Zim on yellow fever alert


By Gamuchirai Munyawiri

THE Ministry of Health and Child Care says the country is on high alert following the yellow fever outbreak in Angola.
Apparently the yellow fever is already spreading to other parts of Africa.
Yellow Fever is an infectious vector disease transmitted by the Aedes Egypti mosquito, the same mosquito that spreads the Zika virus.
This type of mosquito is found in sub-Saharan Africa and tropical South America.
Angola has been struggling with the outbreak since December 2015 and 250 deaths have been reported to date, with countless suspected cases.
Most affected places in Angola are Luanda and the provinces of Huambo and Huila.
This is the first time a Southern African country has had such an outbreak in decades.
Yellow fever has been spread to China, Kenya and Democratic Republic of the Congo (DRC ) by people travelling from Angola.
The World Health Organisation (WHO) reports that Uganda, DRC and Angola have active yellow fever.
Zimbabwe, on the other hand, has embarked on strengthening surveillance systems at all ports of entry so that people entering the country from affected countries can be screened.
“Yellow fever is right next door,” said Dr David Parirenyatwa, the Minister of Health and Child Care.
“We need to be firm and ensure that we screen all those travelling from Angola and vaccinate all those travelling to Angola 10 days before travel.”
Truck drivers and cross-border traders are said to be the major carriers of yellow fever.
Infection by the Aedes Egypti mosquito results in severe liver bleeding which eventually leads to death.
Transmission is primarily through a bite by an infected mosquito or haemagogus species mosquito.
Infected parties are ‘viremic’, which means they are infectious to mosquitoes and because of that, once infected with yellow fever, one should be quarantined to break the cycle of transmission and reduce risk to persons around them.
Yellow fever has three transmission cycles and these are:
l Jungle (sylvatic) — transmission between non-human primates like monkeys and mosquito species found in the forest. The virus is then transmitted by mosquitoes from monkeys to humans.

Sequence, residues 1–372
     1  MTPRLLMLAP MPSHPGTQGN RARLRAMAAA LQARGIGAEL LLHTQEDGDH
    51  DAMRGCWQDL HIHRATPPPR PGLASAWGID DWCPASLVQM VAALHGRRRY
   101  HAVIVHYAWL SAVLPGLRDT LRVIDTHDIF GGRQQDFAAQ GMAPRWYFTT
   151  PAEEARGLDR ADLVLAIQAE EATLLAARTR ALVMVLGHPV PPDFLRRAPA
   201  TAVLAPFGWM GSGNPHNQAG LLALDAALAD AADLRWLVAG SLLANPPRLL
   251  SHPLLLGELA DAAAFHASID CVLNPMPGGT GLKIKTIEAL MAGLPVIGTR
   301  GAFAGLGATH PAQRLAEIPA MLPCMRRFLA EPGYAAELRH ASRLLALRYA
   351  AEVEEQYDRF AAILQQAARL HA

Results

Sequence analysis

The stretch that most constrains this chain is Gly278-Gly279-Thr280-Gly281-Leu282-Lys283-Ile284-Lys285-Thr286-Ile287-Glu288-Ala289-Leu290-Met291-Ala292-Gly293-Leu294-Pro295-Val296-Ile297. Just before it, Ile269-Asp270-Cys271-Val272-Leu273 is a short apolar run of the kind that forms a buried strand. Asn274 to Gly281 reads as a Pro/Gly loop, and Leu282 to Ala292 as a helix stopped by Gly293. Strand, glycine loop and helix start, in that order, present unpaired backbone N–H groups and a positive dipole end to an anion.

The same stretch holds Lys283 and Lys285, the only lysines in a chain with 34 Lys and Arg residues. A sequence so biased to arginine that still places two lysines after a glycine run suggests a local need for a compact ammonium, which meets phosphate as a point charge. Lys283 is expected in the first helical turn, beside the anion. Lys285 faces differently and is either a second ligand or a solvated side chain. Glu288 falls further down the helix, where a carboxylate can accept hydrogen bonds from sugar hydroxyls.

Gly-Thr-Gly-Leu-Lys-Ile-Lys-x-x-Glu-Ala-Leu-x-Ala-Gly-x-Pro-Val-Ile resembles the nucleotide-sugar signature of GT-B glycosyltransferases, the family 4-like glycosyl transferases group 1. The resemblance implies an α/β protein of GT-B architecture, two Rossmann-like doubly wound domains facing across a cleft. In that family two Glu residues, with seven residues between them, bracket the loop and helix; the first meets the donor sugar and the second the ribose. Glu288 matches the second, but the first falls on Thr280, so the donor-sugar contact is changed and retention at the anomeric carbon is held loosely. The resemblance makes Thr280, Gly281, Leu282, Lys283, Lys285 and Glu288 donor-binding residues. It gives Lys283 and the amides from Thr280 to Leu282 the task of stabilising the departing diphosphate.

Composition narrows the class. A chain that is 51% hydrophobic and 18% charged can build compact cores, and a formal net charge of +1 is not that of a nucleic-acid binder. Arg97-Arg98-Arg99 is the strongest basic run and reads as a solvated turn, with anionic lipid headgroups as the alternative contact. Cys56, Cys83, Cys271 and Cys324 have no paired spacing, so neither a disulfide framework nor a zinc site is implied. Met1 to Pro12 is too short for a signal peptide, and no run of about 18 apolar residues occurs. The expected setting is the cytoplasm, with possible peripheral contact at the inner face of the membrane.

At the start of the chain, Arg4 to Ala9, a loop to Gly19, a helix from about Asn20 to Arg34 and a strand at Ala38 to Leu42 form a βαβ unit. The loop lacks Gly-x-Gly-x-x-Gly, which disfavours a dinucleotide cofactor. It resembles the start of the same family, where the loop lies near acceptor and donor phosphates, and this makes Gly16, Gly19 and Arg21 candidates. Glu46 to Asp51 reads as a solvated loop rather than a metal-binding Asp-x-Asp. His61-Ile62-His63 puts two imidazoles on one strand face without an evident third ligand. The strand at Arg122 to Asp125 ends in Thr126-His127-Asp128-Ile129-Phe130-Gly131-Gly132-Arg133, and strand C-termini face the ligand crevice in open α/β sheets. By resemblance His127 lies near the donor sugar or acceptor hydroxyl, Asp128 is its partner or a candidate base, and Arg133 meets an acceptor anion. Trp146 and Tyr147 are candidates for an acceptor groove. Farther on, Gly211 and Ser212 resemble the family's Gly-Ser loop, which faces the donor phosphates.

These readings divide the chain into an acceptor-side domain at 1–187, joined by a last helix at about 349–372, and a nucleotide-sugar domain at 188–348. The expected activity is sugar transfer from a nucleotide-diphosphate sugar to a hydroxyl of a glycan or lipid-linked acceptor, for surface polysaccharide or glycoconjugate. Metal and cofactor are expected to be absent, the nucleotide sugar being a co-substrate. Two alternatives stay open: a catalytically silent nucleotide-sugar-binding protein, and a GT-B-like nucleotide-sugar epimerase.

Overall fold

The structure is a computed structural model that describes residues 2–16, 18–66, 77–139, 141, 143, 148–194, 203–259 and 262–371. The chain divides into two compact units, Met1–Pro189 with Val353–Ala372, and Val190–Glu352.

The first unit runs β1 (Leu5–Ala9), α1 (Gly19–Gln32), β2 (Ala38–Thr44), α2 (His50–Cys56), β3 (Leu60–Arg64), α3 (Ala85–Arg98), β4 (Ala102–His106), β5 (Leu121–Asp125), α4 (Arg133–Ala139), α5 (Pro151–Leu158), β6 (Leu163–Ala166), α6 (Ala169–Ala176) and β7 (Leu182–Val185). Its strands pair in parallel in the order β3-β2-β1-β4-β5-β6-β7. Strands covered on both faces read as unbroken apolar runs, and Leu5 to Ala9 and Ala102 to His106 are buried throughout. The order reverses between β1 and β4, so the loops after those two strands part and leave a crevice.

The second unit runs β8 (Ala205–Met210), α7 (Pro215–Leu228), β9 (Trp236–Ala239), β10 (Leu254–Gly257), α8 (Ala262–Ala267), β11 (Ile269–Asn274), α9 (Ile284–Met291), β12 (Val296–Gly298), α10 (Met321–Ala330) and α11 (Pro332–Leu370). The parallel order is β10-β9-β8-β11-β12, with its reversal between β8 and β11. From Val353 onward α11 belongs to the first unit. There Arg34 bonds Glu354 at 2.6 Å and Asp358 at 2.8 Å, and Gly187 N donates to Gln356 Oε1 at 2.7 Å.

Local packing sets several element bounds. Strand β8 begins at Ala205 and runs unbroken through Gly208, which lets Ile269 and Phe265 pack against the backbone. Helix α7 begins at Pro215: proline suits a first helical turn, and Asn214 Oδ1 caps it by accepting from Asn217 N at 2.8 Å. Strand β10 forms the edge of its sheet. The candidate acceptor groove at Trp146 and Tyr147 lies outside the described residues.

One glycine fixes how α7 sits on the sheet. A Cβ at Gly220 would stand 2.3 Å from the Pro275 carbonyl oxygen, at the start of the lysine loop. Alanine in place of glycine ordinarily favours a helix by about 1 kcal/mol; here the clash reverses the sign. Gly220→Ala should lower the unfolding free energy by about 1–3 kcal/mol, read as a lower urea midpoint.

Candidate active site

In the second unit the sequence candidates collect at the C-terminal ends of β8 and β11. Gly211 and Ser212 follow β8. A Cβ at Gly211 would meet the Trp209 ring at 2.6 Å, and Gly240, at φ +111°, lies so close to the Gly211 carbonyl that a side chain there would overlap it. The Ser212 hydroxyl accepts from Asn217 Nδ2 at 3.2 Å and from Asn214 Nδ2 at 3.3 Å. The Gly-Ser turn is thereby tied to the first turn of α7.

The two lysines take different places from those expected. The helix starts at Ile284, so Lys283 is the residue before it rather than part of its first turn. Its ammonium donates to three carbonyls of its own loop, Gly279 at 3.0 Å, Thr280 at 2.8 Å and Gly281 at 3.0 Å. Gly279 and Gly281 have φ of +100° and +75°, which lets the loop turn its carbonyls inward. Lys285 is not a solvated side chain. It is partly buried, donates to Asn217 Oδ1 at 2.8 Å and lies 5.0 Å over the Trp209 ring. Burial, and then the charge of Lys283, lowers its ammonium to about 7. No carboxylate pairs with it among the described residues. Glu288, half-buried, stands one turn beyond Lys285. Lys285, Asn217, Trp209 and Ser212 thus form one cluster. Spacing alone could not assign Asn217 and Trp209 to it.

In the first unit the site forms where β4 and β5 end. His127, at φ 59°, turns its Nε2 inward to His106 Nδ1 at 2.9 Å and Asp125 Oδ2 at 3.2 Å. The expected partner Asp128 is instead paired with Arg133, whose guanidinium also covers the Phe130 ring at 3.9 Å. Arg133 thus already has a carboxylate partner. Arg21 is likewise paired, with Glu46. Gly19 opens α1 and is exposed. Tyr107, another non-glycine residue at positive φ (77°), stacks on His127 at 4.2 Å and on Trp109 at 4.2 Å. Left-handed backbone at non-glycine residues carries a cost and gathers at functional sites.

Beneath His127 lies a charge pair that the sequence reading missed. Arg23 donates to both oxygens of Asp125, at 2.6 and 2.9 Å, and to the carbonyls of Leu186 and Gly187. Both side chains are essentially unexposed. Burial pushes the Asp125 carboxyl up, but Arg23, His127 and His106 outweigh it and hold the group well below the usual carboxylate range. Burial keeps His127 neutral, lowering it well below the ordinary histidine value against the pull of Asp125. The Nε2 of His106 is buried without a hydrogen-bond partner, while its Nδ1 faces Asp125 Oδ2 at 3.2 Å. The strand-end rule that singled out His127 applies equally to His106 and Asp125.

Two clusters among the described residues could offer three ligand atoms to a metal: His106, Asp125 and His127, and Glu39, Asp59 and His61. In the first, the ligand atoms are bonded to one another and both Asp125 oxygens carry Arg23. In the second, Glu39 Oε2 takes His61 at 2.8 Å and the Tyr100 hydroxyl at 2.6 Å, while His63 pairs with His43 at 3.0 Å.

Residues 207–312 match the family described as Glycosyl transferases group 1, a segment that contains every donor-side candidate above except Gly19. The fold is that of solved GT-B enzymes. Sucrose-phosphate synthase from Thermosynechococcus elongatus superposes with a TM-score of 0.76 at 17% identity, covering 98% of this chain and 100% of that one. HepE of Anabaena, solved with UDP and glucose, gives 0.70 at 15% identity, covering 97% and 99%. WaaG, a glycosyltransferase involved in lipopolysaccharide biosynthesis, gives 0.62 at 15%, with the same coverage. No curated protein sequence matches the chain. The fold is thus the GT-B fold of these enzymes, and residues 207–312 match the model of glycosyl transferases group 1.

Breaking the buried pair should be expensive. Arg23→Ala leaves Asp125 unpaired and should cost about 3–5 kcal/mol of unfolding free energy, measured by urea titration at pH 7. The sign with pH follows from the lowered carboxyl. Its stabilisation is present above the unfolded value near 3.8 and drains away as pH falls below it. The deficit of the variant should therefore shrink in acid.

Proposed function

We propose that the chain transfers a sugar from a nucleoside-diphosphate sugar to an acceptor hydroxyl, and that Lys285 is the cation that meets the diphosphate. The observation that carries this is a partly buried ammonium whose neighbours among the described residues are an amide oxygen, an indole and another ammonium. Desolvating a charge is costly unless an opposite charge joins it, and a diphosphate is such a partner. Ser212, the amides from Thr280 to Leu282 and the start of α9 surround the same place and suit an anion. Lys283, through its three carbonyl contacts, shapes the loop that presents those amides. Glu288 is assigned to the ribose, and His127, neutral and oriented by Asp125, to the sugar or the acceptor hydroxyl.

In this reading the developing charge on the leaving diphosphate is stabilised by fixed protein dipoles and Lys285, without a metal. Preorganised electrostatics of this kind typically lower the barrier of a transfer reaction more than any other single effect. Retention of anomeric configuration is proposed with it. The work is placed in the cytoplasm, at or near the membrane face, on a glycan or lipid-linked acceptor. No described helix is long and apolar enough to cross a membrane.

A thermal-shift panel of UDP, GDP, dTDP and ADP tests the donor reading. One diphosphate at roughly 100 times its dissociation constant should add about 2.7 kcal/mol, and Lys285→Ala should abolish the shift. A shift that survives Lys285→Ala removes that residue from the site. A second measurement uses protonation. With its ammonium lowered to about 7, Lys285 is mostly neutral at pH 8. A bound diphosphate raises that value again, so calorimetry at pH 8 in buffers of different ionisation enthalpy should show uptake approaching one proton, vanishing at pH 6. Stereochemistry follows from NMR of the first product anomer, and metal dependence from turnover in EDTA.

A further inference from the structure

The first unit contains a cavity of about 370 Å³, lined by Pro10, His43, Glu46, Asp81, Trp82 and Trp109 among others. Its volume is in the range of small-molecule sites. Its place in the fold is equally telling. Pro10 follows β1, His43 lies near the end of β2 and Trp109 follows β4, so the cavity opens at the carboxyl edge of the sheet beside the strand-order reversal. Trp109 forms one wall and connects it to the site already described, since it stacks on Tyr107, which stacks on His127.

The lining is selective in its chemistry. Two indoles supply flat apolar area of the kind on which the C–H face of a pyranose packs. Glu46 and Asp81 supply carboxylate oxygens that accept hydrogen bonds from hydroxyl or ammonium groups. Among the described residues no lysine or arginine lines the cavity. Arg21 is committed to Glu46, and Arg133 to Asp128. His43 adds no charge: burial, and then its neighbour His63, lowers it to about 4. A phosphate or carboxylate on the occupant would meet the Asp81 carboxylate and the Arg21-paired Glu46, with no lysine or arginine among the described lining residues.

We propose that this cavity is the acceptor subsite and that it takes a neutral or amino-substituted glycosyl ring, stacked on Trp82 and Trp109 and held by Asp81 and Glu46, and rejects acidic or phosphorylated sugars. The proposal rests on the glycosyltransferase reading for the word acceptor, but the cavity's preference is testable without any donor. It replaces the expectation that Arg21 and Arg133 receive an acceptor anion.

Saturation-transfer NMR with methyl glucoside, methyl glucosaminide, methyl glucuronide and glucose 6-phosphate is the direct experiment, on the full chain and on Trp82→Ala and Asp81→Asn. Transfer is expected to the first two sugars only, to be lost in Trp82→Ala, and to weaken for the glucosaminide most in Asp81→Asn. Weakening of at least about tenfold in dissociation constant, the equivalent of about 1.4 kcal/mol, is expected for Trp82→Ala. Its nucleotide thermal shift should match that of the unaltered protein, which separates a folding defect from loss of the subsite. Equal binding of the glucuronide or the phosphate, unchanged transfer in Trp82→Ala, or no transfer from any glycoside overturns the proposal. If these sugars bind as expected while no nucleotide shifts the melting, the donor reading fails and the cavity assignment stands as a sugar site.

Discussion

l Intermediate (Savannah) — transmission from mosquitoes to humans living in jungle boarder areas (monkey to human/human to human via mosquito)
l Urban — transmission of the virus between humans and urban mosquitoes that is Aedes Egypti. The virus is brought to urban settings by a viremic human infected in the jungle.
Yellow fever is symptomised by a mild illness or no symptoms at all.
If one develops symptoms of the illness, he/she ought to be incubated for three-to-six days.
Initial symptoms include fever, chill, severe headaches, general body aches, nausea and vomiting, fatigue and weakness.
Severe symptoms will be indicated by a high fever, jaundice, bleeding and eventually shock and failure of multiple organs
Vaccination for yellow fever in Zimbabwe is being given to people travelling to Angola 10 days prior to the journey.
Vaccination is recommended for children aged nine months and above travelling to areas that are at risk of yellow fever.
Countries like South Africa are advising travellers to produce International Yellow Fever certificates before entering their territories.
Many other countries throughout the world require vaccinations before entering them and among these are Egypt, Botswana, Cote d’Ivore, Burundi and Cameroon.
Yellow fever vaccine centres in Zimbabwe charge US$50.
Sadly some people buy certificates from illegal selling points and this puts them at risk of infection when they travel.
If vaccinated, one may develop side-effects from the vaccine which include mild headaches, myalgia and asthenia as well as low grade fever.
The general public is always encouraged to immediately seek medical attention if they suffer any side-effects.
However, it is most likely that the side-effects will disappear as the body gets used to the vaccine.
There is no specific treatment for yellow fever, so affected people should be attended to by administering bed rest, giving fluids and also using pain relievers and other medications to reduce fever.
Extra care must be taken to prevent medication that increases bleeding and inflammation like ibuprofen and naproxen.
Yellow fever can be prevented by using insect repellent, wearing protective clothing and getting vaccinated.
Protective clothing helps prevent mosquito bites and this clothing can also be sprayed with repellent for effectiveness.
People should be more aware of peak mosquito hours that are between dusk and dawn although the Aedes Egypti feeds during day time too.
After being affected, those who recover from yellow fever generally have lasting immunity against subsequent infection.
If infection was mild at the time of illness and one recovers, one may be affected with fatigue that may last several months after treatment.


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